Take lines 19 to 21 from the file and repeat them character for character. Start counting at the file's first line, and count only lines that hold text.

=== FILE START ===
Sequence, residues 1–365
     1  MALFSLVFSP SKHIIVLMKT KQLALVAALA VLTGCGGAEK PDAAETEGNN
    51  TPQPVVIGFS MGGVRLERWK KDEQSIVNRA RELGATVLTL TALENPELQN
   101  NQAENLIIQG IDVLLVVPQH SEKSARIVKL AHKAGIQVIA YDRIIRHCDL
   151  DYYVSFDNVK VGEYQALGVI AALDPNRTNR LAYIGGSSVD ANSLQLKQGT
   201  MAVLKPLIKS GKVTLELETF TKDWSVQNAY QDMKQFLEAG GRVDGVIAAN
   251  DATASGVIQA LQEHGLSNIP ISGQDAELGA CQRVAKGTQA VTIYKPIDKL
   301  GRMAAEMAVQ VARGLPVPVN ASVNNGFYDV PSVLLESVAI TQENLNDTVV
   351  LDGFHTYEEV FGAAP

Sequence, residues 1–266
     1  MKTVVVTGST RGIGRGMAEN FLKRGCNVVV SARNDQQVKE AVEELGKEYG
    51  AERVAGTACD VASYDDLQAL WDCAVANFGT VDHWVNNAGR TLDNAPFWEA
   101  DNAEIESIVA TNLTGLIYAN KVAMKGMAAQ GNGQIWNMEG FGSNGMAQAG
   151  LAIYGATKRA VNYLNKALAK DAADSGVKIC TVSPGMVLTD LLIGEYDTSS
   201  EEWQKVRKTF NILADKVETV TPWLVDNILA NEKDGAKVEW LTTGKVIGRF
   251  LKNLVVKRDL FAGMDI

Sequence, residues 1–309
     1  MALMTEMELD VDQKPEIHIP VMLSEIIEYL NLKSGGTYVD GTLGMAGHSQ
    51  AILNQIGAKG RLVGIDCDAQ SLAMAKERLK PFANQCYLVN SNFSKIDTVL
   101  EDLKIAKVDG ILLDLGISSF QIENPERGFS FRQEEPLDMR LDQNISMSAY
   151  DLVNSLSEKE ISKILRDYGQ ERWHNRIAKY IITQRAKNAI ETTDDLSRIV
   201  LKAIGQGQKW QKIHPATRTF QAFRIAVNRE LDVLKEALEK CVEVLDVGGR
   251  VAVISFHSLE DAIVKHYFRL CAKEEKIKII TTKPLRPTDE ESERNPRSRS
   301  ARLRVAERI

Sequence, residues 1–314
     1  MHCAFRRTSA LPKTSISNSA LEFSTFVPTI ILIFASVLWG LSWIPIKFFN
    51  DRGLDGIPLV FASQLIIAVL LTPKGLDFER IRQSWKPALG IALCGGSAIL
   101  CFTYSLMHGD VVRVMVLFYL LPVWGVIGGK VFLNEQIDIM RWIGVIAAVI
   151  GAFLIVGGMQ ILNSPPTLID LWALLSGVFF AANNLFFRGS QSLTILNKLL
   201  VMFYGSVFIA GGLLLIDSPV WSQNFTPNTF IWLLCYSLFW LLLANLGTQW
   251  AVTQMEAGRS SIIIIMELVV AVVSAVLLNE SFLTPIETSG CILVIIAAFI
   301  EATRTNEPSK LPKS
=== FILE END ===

    51  AILNQIGAKG RLVGIDCDAQ SLAMAKERLK PFANQCYLVN SNFSKIDTVL
   101  EDLKIAKVDG ILLDLGISSF QIENPERGFS FRQEEPLDMR LDQNISMSAY
   151  DLVNSLSEKE ISKILRDYGQ ERWHNRIAKY IITQRAKNAI ETTDDLSRIV